Your boss or manager has asked you to fill out an employee engagement survey. You figure this will give you an opportunity to have your voice heard, so you accept. While you want to offer constructive criticism, something is giving you pause. You can’t help but wonder, are employee engagement surveys really confidential?
While employee engagement surveys should, in theory, be confidential, they’re not always. They aren’t necessarily anonymous, either. According to the Society for Human Resource Management or SHRM, the details requested in these surveys means HR professionals and others can figure out who responded. How private they keep the survey responses can vary from company to company.
If you’re debating whether to answer an employee engagement survey, you won’t want to miss this article. In it, we’ll discuss the confidentiality and anonymity of these surveys in more detail. We’ll also talk about the flaws with employee engagement surveys and the potential repercussions for honest answers.
First, we figured we’d differentiate between anonymity and confidentiality. These terms don’t have the same meaning. Unfortunately, if you complete an employee engagement survey, you may get confidentiality but not anonymity. Sometimes you get neither.
The word anonymous, according to Merriam-Webster, means “of unknown authorship or origin” or “not named or identified.” That’s easy enough.
Then the word confidential refers to information that’s “marked by intimacy or willingness to confide,” says Merriam-Webster. This info is also “private, secret.”
When you fill out an employee engagement survey at work, at no point does your company ask for your name. At least, they shouldn’t. That gives you the expectation then that you can complete the survey anonymously. Do you really get that luxury or is it just an illusion?
SHRM spoke to Rajeev Peshawaria in the article linked to in the intro. Peshawaria works at a nonprofit in Malaysia that promotes coaching and research on executive-level work. He’s also the writer of the 2017 book Open Source Leadership: Reinventing Management When There’s No More Business As Usual.
He says “there is no such thing as anonymous” when it comes to these surveys. Why is that?
Sure, your company might not ask for your name when you complete an employee engagement survey, that’s true. However, they do request other identifying information. This includes the number of years you’ve worked there, how much money you make, your title, and your department.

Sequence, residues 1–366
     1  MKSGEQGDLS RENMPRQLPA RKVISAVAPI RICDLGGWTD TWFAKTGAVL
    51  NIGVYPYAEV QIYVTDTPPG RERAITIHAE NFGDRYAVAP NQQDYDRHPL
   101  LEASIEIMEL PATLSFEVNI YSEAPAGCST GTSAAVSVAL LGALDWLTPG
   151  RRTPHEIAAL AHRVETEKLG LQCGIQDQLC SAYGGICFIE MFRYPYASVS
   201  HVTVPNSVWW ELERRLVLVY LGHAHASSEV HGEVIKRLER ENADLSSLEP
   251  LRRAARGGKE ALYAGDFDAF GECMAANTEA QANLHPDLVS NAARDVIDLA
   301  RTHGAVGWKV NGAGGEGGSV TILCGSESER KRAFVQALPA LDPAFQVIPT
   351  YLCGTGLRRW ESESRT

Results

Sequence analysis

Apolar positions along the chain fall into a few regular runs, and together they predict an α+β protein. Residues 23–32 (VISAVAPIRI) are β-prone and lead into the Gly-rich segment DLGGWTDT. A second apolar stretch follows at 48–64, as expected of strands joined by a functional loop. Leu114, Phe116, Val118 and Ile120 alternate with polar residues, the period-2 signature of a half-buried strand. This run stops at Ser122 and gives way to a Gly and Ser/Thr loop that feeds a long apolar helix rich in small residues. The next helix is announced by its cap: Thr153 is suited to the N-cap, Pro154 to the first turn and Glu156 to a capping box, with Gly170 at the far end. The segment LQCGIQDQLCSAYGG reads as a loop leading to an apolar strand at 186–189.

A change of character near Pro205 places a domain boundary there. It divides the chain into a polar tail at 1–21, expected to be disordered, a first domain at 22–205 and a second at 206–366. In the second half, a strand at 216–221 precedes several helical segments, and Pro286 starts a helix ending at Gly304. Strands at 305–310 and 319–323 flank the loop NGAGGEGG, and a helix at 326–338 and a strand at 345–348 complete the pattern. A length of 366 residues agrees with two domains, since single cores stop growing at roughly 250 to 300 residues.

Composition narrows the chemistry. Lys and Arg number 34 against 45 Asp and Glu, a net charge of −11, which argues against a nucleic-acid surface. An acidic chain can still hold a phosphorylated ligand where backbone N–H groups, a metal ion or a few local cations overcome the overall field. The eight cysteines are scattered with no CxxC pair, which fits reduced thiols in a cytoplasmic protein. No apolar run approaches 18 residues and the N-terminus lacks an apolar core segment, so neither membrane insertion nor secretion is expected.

Unless you refrain to include the above information, then your HR manager and/or boss should be able to figure out it’s you doing the survey.
Are Employee Engagement Surveys Confidential?
Okay, so we already know that your boss can potentially determine that you filled out an employee engagement survey. That means these surveys are not really anonymous. Are they confidential at least?
If you recall from earlier in this article, confidentiality means the results of the survey should stay a secret. Even if your HR manager or boss knows it’s you who filled out the survey, what you put down remains private. Right?
SHRM spoke with employee engagement consultancy agency employees Megan Connolly and Peter Foley, both of Mercer Sirota. They said this on confidentiality in employee engagement surveys: “They are not technically anonymous because the [company] is typically receiving…data that indicates the employee’s business unit, tenure, etc…Depending on the number of these demographic questions, this approach can generate…concern and skepticism regarding confidentiality.”
Both Connolly and Foley agreed the confidentiality aspect of employee engagement surveys is more guaranteed than anonymity. They do bring up a good point, though. If you can’t trust your boss/HR manager on stay quiet on the fact that you filled out the survey, why should you expect them to keep the results a secret?
For employee engagement surveys to succeed, they depend on confidentiality.
The company has issued the survey for a reason. Perhaps morale is low or there’s been a high rate of employee turnover. Either way, the company wants to figure out what they’re doing wrong so they can improve it. They also want their employees to feel more connected with their work and happier overall. Hence the employee engagement survey gets mass-emailed to all staff.
The company can only change problems they’re aware of. They’ll become aware of these problems if employees bring them up.